When the head of San Francisco's largest HMO dies in his own hospital, no one doubts that it is anything but the result of massive injuries inflicted by a random hit and run accident. But the autopsy soon tells a different story an overdose of potassium killed him, and the attending physician, Eric Kensing, becomes the prime suspect in a high profile homicide.
Homicide lieutenant Abe Glitsky, though hindered by the inept bunglings of two politically appointed cops assigned to the investigation, quickly sets his sights on Kensing. Desperate and in need of an attorney, Kensing turns to lawyer Dismas Hardy for his defense. But as the pressure mounts to indict Kensing, Hardy goes on the offensive, believing that the murder had little to do with his client, and everything to do with business. Hardy knows that all is not well with the HMO, and makes a terrifying discovery: too many patients have been dying, many of them victims of murder and it looks like it is the hospital that is killing them.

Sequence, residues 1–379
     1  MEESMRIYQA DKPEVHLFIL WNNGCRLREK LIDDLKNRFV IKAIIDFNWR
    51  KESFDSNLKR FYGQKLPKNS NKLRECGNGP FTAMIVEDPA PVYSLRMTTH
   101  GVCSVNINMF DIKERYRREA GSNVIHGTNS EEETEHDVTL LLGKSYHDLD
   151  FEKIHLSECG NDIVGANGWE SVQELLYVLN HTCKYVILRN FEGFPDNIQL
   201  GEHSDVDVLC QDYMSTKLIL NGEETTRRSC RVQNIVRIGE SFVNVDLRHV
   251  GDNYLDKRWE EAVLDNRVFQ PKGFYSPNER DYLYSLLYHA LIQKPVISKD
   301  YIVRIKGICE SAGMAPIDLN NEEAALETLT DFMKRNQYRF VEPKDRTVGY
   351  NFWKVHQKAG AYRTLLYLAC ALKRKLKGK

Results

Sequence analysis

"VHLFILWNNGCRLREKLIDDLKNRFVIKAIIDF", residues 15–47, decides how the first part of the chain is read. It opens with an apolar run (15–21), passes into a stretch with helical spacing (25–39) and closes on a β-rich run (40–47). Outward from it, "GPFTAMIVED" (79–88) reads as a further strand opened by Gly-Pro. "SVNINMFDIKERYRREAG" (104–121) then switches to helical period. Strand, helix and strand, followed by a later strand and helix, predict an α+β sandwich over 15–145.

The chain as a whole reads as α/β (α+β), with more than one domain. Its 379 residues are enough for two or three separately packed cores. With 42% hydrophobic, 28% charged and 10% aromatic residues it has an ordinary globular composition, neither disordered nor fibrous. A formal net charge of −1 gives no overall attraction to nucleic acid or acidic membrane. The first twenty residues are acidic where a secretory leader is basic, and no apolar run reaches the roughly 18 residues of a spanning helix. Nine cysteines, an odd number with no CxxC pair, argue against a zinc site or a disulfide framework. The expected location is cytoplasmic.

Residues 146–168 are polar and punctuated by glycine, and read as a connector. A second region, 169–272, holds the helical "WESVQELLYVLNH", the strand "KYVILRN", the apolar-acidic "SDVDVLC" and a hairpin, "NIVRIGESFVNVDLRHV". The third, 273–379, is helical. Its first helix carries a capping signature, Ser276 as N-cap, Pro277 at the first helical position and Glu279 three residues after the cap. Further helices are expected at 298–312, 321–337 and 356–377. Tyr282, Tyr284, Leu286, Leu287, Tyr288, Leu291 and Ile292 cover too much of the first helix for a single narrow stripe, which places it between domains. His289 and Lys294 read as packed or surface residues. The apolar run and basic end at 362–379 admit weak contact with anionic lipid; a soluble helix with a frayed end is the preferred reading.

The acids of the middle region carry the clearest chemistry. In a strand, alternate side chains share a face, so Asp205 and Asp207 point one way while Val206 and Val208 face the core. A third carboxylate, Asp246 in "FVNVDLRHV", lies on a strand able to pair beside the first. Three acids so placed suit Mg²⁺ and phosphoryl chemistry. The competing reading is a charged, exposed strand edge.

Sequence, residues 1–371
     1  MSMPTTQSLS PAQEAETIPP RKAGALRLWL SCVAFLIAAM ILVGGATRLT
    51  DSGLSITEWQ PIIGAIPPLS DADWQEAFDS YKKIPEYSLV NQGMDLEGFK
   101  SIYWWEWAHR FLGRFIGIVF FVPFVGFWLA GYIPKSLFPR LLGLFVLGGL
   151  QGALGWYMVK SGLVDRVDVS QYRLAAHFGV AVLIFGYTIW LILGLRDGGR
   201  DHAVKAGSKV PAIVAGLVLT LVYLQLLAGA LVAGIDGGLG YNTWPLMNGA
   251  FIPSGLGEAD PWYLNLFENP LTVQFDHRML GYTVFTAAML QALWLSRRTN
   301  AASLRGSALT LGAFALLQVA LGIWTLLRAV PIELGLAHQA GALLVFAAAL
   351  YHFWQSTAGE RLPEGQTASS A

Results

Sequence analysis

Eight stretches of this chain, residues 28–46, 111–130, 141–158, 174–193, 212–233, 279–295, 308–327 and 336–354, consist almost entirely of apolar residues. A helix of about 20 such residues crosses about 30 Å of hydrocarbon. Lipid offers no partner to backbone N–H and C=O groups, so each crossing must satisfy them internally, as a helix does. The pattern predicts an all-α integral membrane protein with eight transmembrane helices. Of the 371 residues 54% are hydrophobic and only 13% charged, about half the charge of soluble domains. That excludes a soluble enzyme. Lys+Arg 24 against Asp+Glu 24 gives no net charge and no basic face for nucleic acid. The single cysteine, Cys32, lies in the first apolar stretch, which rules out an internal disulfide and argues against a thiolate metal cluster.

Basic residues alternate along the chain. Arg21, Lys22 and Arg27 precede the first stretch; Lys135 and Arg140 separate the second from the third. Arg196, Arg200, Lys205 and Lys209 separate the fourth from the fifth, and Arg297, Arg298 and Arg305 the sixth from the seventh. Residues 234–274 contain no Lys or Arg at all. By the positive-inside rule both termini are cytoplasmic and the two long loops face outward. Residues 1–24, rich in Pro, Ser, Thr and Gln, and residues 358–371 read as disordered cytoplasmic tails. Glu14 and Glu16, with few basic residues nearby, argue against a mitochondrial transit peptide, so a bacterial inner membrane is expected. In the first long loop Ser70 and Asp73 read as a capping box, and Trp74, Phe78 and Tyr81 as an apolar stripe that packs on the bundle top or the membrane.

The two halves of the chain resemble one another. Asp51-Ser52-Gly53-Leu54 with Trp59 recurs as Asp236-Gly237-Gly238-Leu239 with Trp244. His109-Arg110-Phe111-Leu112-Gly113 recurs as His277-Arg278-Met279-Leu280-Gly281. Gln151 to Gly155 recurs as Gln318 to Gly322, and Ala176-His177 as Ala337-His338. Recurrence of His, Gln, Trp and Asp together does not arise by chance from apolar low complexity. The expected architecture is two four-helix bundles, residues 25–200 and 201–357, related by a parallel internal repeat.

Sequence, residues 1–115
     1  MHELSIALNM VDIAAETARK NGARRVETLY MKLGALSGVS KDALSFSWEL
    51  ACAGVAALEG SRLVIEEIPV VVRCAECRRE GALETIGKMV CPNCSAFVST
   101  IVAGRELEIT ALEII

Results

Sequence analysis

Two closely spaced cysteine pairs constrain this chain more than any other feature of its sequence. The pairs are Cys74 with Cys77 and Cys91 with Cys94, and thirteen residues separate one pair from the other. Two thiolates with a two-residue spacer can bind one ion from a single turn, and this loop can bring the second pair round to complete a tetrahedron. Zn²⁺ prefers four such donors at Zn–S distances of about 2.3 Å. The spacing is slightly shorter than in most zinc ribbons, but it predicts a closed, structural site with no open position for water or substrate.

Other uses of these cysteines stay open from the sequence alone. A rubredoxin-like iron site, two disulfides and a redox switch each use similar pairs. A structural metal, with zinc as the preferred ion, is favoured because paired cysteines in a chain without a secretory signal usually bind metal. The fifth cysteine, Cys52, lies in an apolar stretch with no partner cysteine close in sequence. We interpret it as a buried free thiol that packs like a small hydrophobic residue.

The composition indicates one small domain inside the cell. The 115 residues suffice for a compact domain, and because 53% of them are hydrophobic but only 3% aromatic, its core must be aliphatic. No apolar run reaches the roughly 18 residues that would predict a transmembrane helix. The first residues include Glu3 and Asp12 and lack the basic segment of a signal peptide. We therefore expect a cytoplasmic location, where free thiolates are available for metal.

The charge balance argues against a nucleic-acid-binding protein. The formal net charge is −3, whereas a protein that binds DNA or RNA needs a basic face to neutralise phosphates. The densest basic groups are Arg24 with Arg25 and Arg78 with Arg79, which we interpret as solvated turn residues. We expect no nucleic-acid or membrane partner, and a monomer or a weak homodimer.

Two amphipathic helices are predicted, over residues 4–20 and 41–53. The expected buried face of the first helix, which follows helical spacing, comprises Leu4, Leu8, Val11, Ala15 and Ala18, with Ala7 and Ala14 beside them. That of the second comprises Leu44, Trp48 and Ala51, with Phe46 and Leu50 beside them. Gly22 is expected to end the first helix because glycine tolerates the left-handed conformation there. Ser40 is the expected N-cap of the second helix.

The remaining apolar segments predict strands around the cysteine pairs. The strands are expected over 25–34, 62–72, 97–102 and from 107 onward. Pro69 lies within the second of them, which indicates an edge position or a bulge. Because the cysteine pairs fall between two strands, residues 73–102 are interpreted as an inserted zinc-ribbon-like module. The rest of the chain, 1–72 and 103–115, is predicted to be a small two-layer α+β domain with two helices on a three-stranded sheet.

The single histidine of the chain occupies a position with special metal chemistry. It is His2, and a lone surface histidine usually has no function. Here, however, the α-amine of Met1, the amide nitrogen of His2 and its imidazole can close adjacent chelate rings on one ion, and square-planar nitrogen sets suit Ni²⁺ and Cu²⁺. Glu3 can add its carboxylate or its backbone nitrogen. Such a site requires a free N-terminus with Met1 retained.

His own marriage tested and his family strained as he struggles to save his client, Hardy must uncover a twisting conspiracy of avarice and violence that takes the lives it is sworn to save. A timely and gripping novel that puts lives and a long standing friendship at grave risk. /Content /EditorialReview EditorialReview Source Amazon.com Review /Source Content Bad medicine makes good plotting in John Lescroart's latest, which brings back lawyer Dismas Hardy and his best friend, homicide cop Abe Glitsky. A string of suspicious deaths at a San Francisco HMO don't look like murder at first until Tim Markham, the head of the HMO, dies from injuries received in a hit and run accident. But did the injuries really kill him? Glitsky believes that Hardy's client, Dr. Eric Kensing, killed his boss. Kensing had at least two good reasons: not only was Markham having an affair with his wife, but his cost cutting restrictions were threatening the lives of Kensing's patients. Kensing is a bit too heroic for the reader to ever believe in him as a suspect, and the real murderer is pretty obvious from the get go, which cuts down the suspense. Still, the reappearance of Glitsky and Hardy will be welcomed by Lescroart's many fans, who'll be delighted with the widowed cop's new wife and new life and happy to see the guys back in familiar if well trodden territory. Jane Adams